The Company also derecognises a financial liability when its terms are modified and the cash flows under the modified terms are substantially different. In this case, a new financial liability based on the modified terms is recognised at fair value. The difference between the carrying amount of the financial liability extinguished and the new financial liability with modified terms is recognised in profit or loss.

iv. Offsetting

Financial assets and financial liabilities are offset and the net amount presented in the Balance Sheet when, and only when, the Company currently has a legally enforceable right to set off the amounts and it intends either to settle them on a net basis or to realise the asset and settle the liability simultaneously.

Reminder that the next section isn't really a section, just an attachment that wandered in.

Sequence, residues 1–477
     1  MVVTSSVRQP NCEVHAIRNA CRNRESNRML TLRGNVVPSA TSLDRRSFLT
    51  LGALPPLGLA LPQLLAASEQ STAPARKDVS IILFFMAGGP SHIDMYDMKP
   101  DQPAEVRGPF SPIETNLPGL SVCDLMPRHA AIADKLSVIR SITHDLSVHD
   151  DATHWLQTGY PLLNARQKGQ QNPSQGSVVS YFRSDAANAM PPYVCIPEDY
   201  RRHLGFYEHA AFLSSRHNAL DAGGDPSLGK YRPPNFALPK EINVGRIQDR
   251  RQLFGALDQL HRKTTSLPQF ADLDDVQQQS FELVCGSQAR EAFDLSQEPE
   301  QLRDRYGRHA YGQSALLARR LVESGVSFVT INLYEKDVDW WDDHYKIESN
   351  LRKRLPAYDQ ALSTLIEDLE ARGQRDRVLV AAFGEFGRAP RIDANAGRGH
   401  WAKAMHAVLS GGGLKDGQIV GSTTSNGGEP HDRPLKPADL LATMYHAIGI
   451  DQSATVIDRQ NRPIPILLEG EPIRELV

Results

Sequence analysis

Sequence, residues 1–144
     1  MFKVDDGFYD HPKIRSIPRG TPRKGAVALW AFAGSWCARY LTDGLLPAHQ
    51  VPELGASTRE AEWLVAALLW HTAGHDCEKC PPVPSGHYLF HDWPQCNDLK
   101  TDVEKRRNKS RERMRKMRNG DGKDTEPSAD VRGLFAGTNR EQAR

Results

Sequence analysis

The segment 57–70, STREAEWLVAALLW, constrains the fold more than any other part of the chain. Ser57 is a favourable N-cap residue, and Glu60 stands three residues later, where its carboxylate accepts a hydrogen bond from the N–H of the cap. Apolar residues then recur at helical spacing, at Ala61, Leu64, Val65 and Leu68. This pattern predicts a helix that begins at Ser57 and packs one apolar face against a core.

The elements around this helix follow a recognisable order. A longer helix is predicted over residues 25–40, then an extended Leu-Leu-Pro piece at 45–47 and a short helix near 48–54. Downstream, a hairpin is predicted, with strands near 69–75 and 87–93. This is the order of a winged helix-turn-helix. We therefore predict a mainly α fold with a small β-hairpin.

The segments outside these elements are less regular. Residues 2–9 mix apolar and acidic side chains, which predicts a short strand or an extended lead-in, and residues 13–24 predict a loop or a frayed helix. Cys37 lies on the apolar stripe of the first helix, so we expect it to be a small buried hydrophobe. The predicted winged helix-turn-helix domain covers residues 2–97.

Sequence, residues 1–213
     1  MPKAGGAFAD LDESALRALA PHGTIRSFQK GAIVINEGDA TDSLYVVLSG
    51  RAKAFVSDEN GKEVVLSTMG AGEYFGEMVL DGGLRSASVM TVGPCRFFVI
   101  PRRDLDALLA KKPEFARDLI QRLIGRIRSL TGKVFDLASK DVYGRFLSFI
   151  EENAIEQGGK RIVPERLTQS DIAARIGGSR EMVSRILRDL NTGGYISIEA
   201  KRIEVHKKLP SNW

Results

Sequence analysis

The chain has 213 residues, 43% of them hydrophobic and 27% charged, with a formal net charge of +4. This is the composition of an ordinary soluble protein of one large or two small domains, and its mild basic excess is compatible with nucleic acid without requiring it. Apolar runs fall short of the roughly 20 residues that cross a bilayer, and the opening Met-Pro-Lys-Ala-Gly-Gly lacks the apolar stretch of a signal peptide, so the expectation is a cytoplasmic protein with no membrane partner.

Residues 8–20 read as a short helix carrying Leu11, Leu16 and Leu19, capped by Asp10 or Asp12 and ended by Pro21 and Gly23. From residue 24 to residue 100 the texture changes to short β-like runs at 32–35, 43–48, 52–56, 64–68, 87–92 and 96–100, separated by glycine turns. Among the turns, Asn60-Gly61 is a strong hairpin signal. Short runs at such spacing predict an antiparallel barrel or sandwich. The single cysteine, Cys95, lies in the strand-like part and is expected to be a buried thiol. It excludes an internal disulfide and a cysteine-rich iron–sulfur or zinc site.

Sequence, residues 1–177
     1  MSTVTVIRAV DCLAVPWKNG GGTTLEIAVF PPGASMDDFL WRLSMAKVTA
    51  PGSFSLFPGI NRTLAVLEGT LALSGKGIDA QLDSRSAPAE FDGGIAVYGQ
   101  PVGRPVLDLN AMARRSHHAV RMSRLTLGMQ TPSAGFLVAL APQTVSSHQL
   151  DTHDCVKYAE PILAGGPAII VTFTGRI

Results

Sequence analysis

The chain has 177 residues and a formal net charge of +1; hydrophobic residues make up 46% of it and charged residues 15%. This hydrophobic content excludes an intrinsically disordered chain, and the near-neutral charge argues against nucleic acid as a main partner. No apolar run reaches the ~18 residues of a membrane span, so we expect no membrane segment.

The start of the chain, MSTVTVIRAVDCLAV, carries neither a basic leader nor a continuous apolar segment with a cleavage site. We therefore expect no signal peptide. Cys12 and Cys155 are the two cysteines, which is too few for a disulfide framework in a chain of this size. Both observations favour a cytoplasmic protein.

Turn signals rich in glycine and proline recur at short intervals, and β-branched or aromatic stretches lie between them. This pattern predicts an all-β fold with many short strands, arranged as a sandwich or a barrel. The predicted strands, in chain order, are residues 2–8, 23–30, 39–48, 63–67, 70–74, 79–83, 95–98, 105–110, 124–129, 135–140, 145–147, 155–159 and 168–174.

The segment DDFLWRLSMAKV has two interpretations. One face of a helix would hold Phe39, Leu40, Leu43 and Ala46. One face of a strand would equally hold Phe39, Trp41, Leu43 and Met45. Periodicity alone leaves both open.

c. Property, plant and equipment

i. Recognition and measurement

Items of property, plant and equipment are measured at cost, which includes capitalised borrowing costs, less accumulated depreciation and accumulated impairment losses, if any. Cost of an item of property, plant and equipment comprises its purchase price, including import duties and non-refundable purchase taxes, after deducting trade discounts and rebates, any directly attributable cost of bringing the item to its working condition for its intended use and estimated costs of dismantling and removing the item and restoring the site on which it is located.

The cost of a self-constructed item of property, plant and equipment comprises the cost of materials and direct labor, any other costs directly attributable to bringing the item to working condition for its intended use, and estimated costs of dismantling and removing the item and restoring the site on which it is located.

If significant parts of an item of property, plant and equipment have different useful lives, then they are accounted for as separate items (major components) of property, plant and equipment.